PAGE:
AES Warsaw 2015
Paper Session P8

P8 - (Lecture) Transducers—Part 1

Friday, May 8, 14:00 — 16:00 (Room: Królewski)

Finn T. Agerkvist, Technical University of Denmark - Kgs. Lyngby, Denmark

P8-1 Assessing Influence of a Headphone Type on Individualized Ear TrainingSungyoung Kim, Rochester Institute of Technology - Rochester, NY, USA; Sean Olive, Harman International - Northridge, CA, USA
Technical ear training has been provided for two groups of engineering students. The treatment group received and conducted the training using a professional-level headphone and the control group did same training with their own consumer-level earphone or headphone. To investigate a possible influence of a headphone type, both groups took two standardized matching tests before and after 15-week technical ear training. The comparison of two test results shows that the headphone type significantly differentiated trainees' matching performance of the treatment group from the control group.
Convention Paper 9272 (Purchase now)

P8-2 GaN Power Stage for Switch Mode Audio AmplificationRasmus Overgaard Ploug, Technical University of Denmark - Kongens Lyngby, Denmark; Arnold Knott, Technical University of Denmark - Kgs. Lyngby, Denmark; Søren Bang Poulsen, Texas Instruments Denmark A/S - Kongens Lyngby, Denmark
Gallium Nitride (GaN) based power transistors are gaining more and more attention since the introduction of the enhancement mode eGaN Field Effect Transistor (FET), which makes an adaptation from Metal-Oxide Semiconductor (MOSFET) to eGaN based technology less complex than by using depletion mode GaN FETs. This project seeks to investigate the possibilities of using eGaN FETs as the power switching device in a full bridge power stage intended for switch mode audio amplification. A 50 W 1 MHz power stage was built and provided promising audio performance. Future work includes optimization of dead time and investigation of switching frequency versus audio performance.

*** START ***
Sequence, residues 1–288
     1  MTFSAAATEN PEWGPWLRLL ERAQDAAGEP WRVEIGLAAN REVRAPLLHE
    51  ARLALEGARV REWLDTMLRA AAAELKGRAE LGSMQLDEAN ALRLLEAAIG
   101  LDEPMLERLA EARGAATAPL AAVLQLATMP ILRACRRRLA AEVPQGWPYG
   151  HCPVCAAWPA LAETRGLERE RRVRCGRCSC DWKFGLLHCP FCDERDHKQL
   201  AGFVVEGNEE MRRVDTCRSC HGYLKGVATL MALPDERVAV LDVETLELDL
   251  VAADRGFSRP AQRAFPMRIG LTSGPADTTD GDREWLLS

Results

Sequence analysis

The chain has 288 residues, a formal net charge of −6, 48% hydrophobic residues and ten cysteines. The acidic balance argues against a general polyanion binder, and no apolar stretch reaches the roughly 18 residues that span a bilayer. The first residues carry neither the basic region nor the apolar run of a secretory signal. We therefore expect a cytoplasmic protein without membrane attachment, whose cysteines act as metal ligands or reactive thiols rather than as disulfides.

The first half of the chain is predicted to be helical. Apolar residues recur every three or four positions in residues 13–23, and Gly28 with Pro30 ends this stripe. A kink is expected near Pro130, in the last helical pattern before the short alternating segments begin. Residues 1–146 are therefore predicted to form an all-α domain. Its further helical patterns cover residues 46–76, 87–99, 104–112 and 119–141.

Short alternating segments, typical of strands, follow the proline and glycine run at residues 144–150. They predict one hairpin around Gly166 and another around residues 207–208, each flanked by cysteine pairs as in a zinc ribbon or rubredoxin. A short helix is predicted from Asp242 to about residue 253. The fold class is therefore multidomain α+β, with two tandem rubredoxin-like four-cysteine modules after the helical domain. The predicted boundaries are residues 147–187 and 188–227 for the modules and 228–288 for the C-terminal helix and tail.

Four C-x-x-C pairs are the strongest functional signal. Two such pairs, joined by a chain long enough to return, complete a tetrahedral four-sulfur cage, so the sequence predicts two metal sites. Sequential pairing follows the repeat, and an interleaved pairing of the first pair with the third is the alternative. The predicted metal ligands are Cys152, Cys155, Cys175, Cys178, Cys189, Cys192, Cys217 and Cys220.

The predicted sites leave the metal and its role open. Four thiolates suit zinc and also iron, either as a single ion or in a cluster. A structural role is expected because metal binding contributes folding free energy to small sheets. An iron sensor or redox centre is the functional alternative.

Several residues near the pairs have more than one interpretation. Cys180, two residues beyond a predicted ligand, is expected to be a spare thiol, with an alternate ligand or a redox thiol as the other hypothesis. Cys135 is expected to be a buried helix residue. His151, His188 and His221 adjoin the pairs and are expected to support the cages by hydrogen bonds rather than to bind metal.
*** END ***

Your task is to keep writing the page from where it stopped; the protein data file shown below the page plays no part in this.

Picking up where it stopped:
Convention Paper 9273 (Purchase now)

P8-3 Characterizing the Frequency Response of Headphones—A New ParadigmUlrich Horbach, Harman Advanced Technology Group - Northridge, CA, USA
Traditional headphone measurements suffer from large variations if carried out on human subjects with probe microphones, and standardized couplers introduce additional biases, as concluded in a recent paper. Beyond that, there is no clear indication in literature about what the actual perceived frequency response of a headphone might be. This paper explores new measurement methods that avoid the human body as much as possible by measuring the headphone directly, in an attempt to overcome these restrictions and gain more accuracy. Design principles are described in the second part. A novel, DSP controlled, high-quality headphone is introduced that offers the ability to auto-calibrate its frequency response to the individual who is wearing it.
Convention Paper 9274 (Purchase now)

P8-4 Improved Measurement of Leakage Effects for Circum-Aural and Supra-Aural HeadphonesTodd Welti, Harman International Inc. - Northridge, CA, USA
Headphone leakage effects can have a profound effect on low frequency performance of headphones. A large survey, including over 2000 individual headphone measurements, was undertaken in order to compare leakage effects on test subjects and leakage effects of the same headphones measured on a test fixture. Ten different commercially available headphones were used, each measured on eight different test subjects and a test fixture with several sets of pinnae. Modifications to the pinnae were investigated to see if the leakage effects measured on the test fixture could be made to better match the real word leakage effects measured on human test subjects.
Convention Paper 9275 (Purchase now)

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